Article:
The Lonely Lunch
She was sobbing on the stairs this morning. Short-pants – who does homework without being asked and is usually happy to hoist that enormous book-bag on her back and head off to school – wouldn’t budge. “I don’t want to go to school.”
She’d been following De-facto out the door, but then opted out, in protest, and planted herself on the steps. She watched her own sour facial expressions in the mirror, happy at least to have her own company while she pouted. I went and sat beside her, this put my own pre-ablution image in the mirror, too, which I did my best not to look at.
“It’s Wednesday,” she spit out between sobs. “It’s my lonely lunch.”
Most elementary schools in France don’t hold classes on Wednesday. Many of these same schools do have classes on Saturday, posing obvious problems for working parents struggling with childcare mid-week or wishing to steal out of town with the family for the weekend. Short-pants attends a school that, thankfully, gives us our Saturdays, however it requires her presence on Wednesdays – though only in the morning. At noon, most of the children rush out to meet their parents, who take them home for lunch and then on to the activities on their rosters: gymnastics, judo, music, fencing, chess. But
we’re rarely among that cluster of waiting parents. Short-pants stays and eats at the cantine.
We’ve enrolled her in a theater class on Wednesday afternoons. It made perfect sense, to us: school in the morning, stay for lunch, go to theater and finish at 3:00. She really likes the class. Last year – even as the youngest student – she had an important role in the end-of-year play. But none of her classmates are signed up. She says she feels a bit lost at lunch, with nobody to sit with, and then there’s a long stretch of time alone in the courtyard before the theater class starts at 1:30.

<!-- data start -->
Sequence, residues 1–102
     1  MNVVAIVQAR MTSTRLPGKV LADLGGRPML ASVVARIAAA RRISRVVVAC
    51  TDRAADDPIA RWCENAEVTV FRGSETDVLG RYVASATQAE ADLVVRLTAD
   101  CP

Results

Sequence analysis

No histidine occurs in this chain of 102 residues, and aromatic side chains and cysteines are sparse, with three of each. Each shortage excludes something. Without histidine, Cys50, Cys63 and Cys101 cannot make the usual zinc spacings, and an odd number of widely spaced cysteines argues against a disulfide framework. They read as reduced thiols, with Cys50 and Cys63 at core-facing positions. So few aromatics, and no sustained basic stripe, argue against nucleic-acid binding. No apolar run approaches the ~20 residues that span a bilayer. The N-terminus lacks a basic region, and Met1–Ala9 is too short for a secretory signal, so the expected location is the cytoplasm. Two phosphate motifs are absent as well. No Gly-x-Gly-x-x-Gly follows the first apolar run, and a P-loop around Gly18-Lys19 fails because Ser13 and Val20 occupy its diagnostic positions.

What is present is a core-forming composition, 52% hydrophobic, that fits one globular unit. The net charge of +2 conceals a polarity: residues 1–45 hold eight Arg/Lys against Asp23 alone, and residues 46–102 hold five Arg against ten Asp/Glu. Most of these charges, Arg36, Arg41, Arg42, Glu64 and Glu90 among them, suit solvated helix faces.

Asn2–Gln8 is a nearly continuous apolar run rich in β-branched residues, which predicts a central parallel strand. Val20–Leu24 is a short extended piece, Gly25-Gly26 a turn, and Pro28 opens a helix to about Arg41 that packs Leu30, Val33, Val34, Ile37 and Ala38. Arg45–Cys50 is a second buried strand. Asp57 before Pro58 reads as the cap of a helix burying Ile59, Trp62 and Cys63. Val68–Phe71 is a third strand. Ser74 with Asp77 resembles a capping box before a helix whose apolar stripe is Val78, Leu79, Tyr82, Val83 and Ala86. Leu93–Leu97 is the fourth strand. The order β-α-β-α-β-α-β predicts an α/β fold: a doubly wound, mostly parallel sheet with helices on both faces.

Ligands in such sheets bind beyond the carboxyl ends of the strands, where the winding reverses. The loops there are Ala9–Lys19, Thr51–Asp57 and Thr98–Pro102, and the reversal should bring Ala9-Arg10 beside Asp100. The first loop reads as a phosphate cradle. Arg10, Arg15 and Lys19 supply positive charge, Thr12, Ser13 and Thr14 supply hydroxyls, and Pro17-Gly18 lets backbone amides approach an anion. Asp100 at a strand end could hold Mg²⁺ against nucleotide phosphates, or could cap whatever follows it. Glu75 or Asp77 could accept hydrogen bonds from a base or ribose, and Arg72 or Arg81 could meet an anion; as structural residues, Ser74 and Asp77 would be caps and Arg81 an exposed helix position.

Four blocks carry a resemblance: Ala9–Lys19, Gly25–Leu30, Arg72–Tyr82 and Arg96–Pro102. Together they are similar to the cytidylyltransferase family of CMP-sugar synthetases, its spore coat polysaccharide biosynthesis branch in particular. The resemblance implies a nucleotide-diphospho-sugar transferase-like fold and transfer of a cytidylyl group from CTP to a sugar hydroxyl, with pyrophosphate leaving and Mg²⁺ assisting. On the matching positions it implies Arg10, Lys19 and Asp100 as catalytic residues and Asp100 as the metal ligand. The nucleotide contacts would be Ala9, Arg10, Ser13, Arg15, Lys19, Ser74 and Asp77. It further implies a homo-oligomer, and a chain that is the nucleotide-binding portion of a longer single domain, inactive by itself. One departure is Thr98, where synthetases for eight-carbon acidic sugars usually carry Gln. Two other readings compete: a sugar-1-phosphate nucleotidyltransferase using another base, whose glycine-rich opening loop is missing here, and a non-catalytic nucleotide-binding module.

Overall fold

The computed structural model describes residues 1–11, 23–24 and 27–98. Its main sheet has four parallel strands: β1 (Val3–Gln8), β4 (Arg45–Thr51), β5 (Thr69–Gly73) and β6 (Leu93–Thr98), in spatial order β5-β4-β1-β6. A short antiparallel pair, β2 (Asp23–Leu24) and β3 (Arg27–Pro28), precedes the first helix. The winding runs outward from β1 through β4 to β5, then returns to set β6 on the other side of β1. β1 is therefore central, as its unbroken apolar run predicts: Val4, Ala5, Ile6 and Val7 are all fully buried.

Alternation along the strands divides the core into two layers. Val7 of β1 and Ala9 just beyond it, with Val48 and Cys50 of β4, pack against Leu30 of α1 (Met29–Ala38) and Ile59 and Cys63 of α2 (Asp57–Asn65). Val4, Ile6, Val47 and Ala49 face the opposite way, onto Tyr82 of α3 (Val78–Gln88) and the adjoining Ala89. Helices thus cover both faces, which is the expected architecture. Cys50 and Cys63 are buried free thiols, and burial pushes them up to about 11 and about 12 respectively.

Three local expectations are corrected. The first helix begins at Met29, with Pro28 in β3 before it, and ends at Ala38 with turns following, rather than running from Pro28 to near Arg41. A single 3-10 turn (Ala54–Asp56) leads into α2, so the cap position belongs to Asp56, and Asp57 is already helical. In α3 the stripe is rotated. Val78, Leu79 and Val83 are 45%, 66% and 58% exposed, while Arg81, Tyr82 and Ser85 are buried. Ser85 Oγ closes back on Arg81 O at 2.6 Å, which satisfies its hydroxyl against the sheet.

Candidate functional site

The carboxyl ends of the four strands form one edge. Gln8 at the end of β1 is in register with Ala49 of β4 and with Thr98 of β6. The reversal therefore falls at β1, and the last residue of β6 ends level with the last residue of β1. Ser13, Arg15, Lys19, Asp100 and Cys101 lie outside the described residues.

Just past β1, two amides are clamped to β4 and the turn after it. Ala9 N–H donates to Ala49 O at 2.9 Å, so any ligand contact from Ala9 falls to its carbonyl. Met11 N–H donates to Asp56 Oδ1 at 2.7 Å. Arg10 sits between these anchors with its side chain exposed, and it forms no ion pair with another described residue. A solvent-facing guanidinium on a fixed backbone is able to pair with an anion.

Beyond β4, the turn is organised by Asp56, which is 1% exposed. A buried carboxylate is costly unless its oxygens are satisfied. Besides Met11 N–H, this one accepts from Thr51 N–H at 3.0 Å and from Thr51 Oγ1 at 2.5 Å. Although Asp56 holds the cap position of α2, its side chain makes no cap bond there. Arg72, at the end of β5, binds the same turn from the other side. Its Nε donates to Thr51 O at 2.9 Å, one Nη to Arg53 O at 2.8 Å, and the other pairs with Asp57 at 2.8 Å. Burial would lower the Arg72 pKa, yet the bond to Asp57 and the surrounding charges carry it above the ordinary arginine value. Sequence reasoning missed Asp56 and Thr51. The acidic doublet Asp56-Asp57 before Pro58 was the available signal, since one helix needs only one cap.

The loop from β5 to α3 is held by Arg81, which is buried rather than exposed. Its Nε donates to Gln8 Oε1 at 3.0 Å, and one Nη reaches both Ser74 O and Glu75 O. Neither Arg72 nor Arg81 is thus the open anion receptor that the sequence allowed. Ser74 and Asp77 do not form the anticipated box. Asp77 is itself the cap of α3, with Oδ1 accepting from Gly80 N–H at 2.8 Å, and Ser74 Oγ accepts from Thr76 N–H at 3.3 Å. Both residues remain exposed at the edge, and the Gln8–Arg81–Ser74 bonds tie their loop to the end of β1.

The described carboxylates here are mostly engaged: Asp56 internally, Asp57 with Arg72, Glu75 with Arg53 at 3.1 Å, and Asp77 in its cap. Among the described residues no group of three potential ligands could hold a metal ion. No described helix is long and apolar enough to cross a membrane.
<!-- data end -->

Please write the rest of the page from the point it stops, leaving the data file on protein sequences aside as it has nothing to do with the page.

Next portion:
I’ve remedied this by coming to get her at noon on random Wednesdays, making a big deal out of lunch out at a café with mom, and returning her to the school in time for theater class. These are memorable lunches. Her little voice ordering from the menu, her proud smile across the table from me – she’s thrilled to be having such sophisticated one-on-one time with mom.
But we haven’t done it in a while.
I knew what she was going to say before she said it. “I want mama to come take me to lunch.” Then she started to cry. Actually, she started to wail. She’s not the tantrum type. But this was close.
I leaned my head against hers. Oh I wanted to say it, I wanted to say it so bad: okay I’ll come get you and we’ll go to lunch, just you and me. I mean it wasn’t impossible. I had a long ‘to-do’ list, like every day. But I could re-arrange that and give up 90 minutes to go hang with her.
But I didn’t.
It was the near-tantrum state the stopped me. I didn’t want to respond affirmatively, didn’t want the out-of-control crying to be rewarded. If this is how she gets her way today, I thought, then she’ll use it tomorrow. Yes, it’s just one lunch, one day. But this is how we start down the slippery slope. So I didn’t say a word. I didn’t dare. To be caught in a web of promises? I’m out of town next week, and it’s too hard to look further ahead.
“Come on,” De-facto finally said, “We’re going to be late.”
She stood up and followed him out, shrieking. I felt like shit.
Later I told him that it took everything in me not to tell her I’d come get her and take her to lunch. “Me, too,” he said, “but I knew we couldn’t, not like that.” I guess this is telepathic parenting.
At least he didn’t hang her out to dry. On the way to school, they found a few newspapers (I don’t want to tell you this, but apparently they rummaged through a trash bin) and cut out the Sudoku puzzles (she’s a pro) so she’d have something to do in the courtyard after lunch. Leave it to De-facto to find a creative (and cheap) solution.
This evening I met a friend for drinks. Her kids are older – young teenagers. She shocked me with a story about serious, heavy drug use in their school and the fine line she and her husband are walking to stay connected to their 14-year old daughter.
It’s odd, isn’t it, how my girls are constantly vying for my attention and craving time with me, and sometimes I find it all so fatiguing. Yet in a few years, their little fingers will slide out of my grip. How important it is to listen and connect while the door is still so wide open. Soon enough, that door will close – but then at least a foundation will be laid.
I’m not saying I didn’t make the right decision not to pander to a tantrum this morning. But maybe now I’ll be more proactive about scheduling our Wednesday lunches.